The domains of applicability of the Gaussian and house of cards approximations, along with better approximations and extensions to finite population models are reviewed by Bürger (1998, 2000).

The natural response to the preceding arguments is to study the multi-trait generalization of the real stabilizing selection model. Early work (Lande 1980; Slatkin & Frank 1990) concluded that real stabilizing selection on any given trait does not affect apparent stabilizing selection on other traits. This was an artefact of assuming that at each locus multivariate normality of allelic effects on all traits held (Zhang & Hill 2003). This assumption implies that *all loci* (not just all traits) can respond to selection in an arbitrary direction, which is considered extremely unlikely; there cannot be enough alleles at each locus (Turelli 1984).

For parameter values that allow a house of cards approximation to be made, Waxman & Peck (1998) show that for ≥3 traits, there is a spike in the equilibrium density function (i.e. a non-zero fraction of the population have exactly the optimum phenotype). (They also show that this behaviour will occur when there are a large number of traits, even if the HoC approximation does not apply.) This suggests a possible inadequacy of the model—it predicts a phenomenon that seems implausible. Wingreen *et al*. (2003) show that this behaviour arises from an unrealistic modelling assumption, that there is no correlation between the effects of a given mutation on the different traits (pointed out by Turelli 1985). Thus, as the number of traits grows, the probability of a mutation having a small overall effect vanishes. When such a correlation is allowed (Wingreen *et al*. 2003), the model is no longer inadequate.

Zhang & Hill (2003) applied the rare alleles approximation to a model of many traits, allowing correlations in mutational effects and multivariate Gaussian real stabilizing selection applying to all traits. They show that for real weak stabilizing selection on many traits, there can be strong apparent stabilizing selection on any given trait. When considering a segregating allele with an effect (say *a*) on a focal trait, the pleiotropic effects of that allele on all other traits cause it to have a net fitness effect (say *s*). Zhang & Hill (2003) found that, under reasonable conditions, the distribution of *s* becomes normal with a variance that tends to zero as the number of traits in the model increases. Thus, in this limit, their multivariate model becomes like a pure pleiotropy model or the Zhang *et al*. (Zhang & Hill 2002; Zhang *et al*. 2004) extension of it (§3*c* below). However, as Zhang & Hill (2003) point out, there is no empirical support for this behaviour of their multivariate model, and indeed, there is substantial evidence to the contrary (e.g. Mackay *et al*. 1990, see §2*b*). Zhang & Hill (2003) conclude that the observed strong apparent stabilizing selection cannot be caused by only weak real stabilizing selection on many traits. Although any organism has many traits under apparent stabilizing selection, many of those traits could be correlated and perhaps real stabilizing selection acts on just a few, in which case the limiting behaviour of the Zhang & Hill (2003) model need not apply (see below).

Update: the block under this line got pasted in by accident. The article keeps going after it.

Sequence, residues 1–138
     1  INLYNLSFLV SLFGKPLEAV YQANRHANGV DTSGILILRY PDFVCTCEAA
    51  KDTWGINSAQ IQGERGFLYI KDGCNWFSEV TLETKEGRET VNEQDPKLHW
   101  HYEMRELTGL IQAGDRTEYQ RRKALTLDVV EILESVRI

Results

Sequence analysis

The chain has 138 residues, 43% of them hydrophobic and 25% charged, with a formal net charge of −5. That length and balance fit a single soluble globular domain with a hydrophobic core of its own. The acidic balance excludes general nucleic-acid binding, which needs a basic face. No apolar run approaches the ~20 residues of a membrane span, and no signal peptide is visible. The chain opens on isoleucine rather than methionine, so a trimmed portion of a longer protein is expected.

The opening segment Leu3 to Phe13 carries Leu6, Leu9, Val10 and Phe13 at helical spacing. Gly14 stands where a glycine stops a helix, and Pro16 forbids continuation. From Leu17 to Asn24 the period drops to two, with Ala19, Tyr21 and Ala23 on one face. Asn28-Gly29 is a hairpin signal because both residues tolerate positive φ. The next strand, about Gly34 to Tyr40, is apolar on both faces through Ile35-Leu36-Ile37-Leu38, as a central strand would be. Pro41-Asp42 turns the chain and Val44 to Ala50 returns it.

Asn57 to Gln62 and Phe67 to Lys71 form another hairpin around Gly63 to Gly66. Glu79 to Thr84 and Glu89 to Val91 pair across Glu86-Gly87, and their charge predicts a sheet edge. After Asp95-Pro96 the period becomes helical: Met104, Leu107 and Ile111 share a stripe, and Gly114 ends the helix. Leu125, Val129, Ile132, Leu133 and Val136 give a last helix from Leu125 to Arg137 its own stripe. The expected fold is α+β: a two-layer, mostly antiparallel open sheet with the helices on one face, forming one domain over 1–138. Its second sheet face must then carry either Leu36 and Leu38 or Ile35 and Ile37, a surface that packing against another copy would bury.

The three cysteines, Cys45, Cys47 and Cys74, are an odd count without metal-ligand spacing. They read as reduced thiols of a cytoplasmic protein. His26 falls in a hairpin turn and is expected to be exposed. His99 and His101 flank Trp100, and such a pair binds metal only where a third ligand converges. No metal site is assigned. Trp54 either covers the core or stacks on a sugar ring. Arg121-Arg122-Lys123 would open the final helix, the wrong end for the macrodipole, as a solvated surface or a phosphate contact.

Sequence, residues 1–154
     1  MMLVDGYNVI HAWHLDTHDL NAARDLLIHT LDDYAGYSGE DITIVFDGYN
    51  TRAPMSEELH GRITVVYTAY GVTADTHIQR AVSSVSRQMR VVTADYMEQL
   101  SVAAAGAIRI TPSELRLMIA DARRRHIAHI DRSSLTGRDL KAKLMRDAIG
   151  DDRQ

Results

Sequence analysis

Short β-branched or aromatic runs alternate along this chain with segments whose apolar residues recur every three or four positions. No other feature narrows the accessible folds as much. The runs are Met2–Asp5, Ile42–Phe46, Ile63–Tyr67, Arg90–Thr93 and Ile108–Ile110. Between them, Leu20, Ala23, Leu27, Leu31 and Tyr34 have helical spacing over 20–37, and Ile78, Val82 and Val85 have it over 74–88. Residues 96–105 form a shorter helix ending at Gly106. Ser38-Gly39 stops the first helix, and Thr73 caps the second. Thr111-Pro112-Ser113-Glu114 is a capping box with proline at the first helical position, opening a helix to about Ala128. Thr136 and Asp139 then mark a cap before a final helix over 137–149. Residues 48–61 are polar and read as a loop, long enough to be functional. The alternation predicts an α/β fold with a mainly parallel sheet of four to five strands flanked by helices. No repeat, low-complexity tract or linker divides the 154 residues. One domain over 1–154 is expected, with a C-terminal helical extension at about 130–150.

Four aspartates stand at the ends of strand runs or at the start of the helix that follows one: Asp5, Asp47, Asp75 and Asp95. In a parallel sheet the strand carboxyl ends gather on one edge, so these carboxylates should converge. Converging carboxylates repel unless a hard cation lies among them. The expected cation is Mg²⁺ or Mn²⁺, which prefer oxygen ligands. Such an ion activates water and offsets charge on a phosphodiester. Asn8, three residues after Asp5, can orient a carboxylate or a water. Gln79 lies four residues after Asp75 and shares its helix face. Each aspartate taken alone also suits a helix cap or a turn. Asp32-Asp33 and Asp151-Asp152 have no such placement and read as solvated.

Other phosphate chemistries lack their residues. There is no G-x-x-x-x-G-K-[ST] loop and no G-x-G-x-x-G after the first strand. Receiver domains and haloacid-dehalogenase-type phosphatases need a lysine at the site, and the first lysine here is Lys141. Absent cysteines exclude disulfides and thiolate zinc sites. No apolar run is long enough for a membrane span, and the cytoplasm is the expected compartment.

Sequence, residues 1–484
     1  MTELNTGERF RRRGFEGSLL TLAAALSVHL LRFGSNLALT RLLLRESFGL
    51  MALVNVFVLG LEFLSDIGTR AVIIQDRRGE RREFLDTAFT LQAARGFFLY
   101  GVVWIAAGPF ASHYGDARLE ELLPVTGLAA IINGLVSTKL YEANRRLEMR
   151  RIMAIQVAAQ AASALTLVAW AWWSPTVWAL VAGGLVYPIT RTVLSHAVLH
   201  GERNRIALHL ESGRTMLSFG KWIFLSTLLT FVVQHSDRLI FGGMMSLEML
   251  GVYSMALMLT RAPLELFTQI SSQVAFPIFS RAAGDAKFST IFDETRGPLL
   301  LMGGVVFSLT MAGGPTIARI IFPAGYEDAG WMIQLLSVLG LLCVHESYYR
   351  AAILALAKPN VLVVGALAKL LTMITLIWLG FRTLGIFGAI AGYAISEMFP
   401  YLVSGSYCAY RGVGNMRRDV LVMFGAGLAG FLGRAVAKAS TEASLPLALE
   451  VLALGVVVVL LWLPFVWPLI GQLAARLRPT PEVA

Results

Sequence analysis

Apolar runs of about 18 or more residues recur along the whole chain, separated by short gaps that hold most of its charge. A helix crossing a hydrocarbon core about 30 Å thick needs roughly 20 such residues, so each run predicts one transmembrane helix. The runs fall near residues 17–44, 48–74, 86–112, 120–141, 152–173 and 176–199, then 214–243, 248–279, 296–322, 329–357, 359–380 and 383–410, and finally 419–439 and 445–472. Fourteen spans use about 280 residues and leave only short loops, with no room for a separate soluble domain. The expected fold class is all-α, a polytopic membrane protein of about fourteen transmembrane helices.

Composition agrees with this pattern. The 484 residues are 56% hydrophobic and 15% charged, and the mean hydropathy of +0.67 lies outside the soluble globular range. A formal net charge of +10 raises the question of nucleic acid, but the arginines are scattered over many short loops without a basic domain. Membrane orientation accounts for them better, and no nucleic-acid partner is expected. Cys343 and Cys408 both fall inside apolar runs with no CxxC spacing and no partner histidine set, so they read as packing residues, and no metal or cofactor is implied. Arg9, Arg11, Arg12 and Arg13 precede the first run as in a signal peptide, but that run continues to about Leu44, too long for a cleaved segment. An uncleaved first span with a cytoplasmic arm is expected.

There was a need to analyse models in which each mutation affected several traits, and selection acts simultaneously on many traits, as described above. However, explicit multitrait models have often made unrealistic assumptions and/or have proved hard to draw general conclusions from. An early key insight of Hill & Keightley (1988) was that is not necessary to model the multivariate distribution of all these trait values. Instead, one can focus on a single trait of interest, and subsume the effects of mutations on all other traits into their effects on a composite trait, fitness. When it is assumed that any real stabilizing selection on the focal trait is negligible in comparison to selection on these pleiotropic side effects, we have a ‘pure pleiotropy’ model.

The simplest assumption to make is that all mutations have an equal pleiotropic effect on fitness. Each allele has a random effect on the trait; less fit individuals carry more such alleles and so tend to have more extreme phenotypes, giving rise to apparent stabilizing selection (Robertson 1967; Barton 1990; Kondrashov & Turelli 1992).

More realistic models are parameterized by a bivariate distribution *m*(*a*, *s*) describing the effects of mutations on the focal trait (*a*) and on fitness (*s*), and the effective population size *N*_{e}. In fact, the choice of the functional form for *m*(*a*, *s*) is the main distinguishing feature between the many studies (Hill & Keightley 1988; Keightley & Hill 1989; Barton 1990; Keightley & Hill 1990; Kondrashov & Turelli 1992; Caballero & Keightley 1994; Tanaka 1996; Zhang *et al*. 2002). However, as we illustrate in appendix A, it is possible to derive some results without making any specific assumptions about *m*(*a*, *s*).